Soybean Business: Legislative 2019 preview

This story was first featured in the January-February 2019 issue of Soybean Business. Click here to read the online version of the magazine.

From unpredictable weather to tariffs to record low soybean prices to regulatory threats from St. Paul, farmers could easily summarize 2018 in five words: We can’t catch a break.

“2018 was a year we will all remember,” says Minnesota Soybean Growers Association (MSGA) Vice President Jamie Beyer. “Minnesota farmers are ready for a fresh start in 2019.”

And that it will be. New year. New governor. New outlook.

MSGA is eager to begin the next legislative session, led by a new but familiar face – Joe Smentek.

“Transitioning into this role has allowed us (MSGA) to take a more hands-on approach when it comes to our legislative efforts,” says Smentek, who was recently promoted from director of public affairs to MSGA executive director. “With the many new faces in St. Paul, it is critical we continue building on our already-established relationship with Gov.-Elect Tim Walz and his administration, as well as connect with the new House and Senate officials.”

Smentek, who met with Walz’s staff on several MSGA priorities prior to him taking office, says he has his to-do list ready to go come Jan. 8.

“The last session did not exactly end the way we wanted,” he says, referencing the myriad vetoes by outgoing Gov. Mark Dayton. “But we are hopeful with the new set of blood, MSGA will find success, not only on last year’s items, but with the new initiatives we are excited to bring forward.”

MSGA priority issues

Biennium Budget

The number one issue the Minnesota legislature will be tackling in the next legislative session will be establishing the 2020 – 2021 biennium budget.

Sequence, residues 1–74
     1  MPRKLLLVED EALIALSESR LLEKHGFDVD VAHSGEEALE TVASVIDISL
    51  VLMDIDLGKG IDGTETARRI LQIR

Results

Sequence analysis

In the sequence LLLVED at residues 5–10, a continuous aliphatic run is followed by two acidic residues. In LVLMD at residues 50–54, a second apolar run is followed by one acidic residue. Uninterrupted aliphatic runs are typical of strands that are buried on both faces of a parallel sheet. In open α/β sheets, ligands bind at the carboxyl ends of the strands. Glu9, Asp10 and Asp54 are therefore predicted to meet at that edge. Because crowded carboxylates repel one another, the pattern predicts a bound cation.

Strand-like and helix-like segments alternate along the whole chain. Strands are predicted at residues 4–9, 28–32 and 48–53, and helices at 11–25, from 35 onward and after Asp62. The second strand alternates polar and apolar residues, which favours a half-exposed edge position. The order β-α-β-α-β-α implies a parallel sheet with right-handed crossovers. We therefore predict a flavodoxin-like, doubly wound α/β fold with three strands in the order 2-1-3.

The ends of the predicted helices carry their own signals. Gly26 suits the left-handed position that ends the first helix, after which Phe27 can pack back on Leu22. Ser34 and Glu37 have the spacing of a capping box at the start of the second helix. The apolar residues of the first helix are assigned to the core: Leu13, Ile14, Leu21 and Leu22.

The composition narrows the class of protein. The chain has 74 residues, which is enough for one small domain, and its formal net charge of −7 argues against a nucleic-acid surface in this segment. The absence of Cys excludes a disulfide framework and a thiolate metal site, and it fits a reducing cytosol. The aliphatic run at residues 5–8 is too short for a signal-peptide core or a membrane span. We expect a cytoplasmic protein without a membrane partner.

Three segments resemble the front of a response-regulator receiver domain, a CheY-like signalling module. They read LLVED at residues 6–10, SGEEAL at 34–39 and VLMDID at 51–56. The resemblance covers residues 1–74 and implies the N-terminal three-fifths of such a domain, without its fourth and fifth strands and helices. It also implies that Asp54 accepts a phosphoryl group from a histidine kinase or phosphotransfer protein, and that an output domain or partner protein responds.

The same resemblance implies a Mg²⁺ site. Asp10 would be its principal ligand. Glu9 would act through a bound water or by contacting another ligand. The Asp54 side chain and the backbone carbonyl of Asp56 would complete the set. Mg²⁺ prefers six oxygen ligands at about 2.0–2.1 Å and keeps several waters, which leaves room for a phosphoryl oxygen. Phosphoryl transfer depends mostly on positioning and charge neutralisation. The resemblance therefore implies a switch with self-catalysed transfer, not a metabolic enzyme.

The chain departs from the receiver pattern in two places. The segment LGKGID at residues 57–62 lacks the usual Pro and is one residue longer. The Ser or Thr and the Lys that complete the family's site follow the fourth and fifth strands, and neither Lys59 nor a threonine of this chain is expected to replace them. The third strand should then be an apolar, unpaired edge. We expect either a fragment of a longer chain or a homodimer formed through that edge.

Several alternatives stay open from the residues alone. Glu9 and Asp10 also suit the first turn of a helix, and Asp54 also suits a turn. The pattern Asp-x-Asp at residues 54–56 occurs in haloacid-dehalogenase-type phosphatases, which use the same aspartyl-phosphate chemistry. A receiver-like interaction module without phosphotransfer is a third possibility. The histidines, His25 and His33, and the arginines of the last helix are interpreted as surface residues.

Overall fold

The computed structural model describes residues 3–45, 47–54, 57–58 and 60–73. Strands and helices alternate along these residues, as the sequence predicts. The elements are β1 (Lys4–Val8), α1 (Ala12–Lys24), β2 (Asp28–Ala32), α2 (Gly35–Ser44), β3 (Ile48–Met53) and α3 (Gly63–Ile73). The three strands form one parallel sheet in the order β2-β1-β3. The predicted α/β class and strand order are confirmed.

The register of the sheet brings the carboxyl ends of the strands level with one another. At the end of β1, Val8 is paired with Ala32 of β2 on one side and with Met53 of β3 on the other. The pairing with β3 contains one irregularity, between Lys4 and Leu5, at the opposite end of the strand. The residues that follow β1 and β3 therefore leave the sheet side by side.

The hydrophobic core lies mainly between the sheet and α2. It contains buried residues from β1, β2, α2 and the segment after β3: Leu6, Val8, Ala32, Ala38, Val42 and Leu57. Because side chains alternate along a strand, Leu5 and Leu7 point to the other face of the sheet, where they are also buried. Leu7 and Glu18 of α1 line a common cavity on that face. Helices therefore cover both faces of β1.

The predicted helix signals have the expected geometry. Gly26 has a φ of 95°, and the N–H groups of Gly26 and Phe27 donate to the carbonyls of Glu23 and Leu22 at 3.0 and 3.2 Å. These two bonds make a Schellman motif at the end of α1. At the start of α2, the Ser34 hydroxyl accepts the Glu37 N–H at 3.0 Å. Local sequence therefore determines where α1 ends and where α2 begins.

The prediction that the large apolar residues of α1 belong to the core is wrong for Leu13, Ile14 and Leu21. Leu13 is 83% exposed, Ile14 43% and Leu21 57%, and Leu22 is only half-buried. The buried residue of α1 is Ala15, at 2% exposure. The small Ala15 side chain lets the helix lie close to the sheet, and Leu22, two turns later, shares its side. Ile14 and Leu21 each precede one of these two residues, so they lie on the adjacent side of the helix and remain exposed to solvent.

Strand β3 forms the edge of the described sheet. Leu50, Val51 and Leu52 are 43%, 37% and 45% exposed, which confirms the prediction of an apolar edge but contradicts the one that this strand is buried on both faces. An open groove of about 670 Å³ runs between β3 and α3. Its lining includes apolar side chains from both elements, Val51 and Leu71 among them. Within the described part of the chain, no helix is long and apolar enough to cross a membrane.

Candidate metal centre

“It won’t be to anyone’s surprise there will be surplus dollars available,” says Cory Bennett, MSGA’s lobbyist. “Mainly because some of those dollars didn’t get spent on the tax bill last year. With the possibility of a sizeable surplus, MSGA is looking for things we can try and target in our agricultural budget, not only what we didn’t receive last year because of vetoes, but we’re also looking at some new initiatives.”

Currently, the agricultural budget is the smallest in the state of Minnesota, but still important to MSGA’s mission.

“MSGA will continue advocating for research dollars, but also mental health initiatives and dollars,” Bennett says. “We didn’t receive those dollars for mental health last year, but we understand there is a crisis out there and the need to access affordable health care, especially in mental health for struggling farm families.”

MSGA lobbyist Cory Bennett is gearing up for the 2019 legislative session.                                                                                              

New to the list this year is an initiative called the Minnesota Soy Innovation Campus.

“We’re very passionate about this,” Bennett says. “This is going to be a collaboration in northwestern Minnesota near Crookston. MSGA is looking to build a crush facility, focusing on biodiesel and specialty soybeans. MSGA will be headed to the legislature this session to ask for assistance. We understand this will be a big ask, but certainly for value-added agriculture in that area, and for the state, we see there’s a benefit and importance for our growers.”

Tax bill

Last year, much of the legislature’s time was spent on the two tax bills. Both were met with vetoes by Gov. Dayton.

“The tax bill will be MSGA’s next big priority,” Bennett says. “When the federal government passed their tax bill last year, it certainly meant some opportunities for Minnesota’s farmers and agribusinesses across the state. But unfortunately, with last year’s vetoes, Section 179 farm depreciation was pushed to this year.”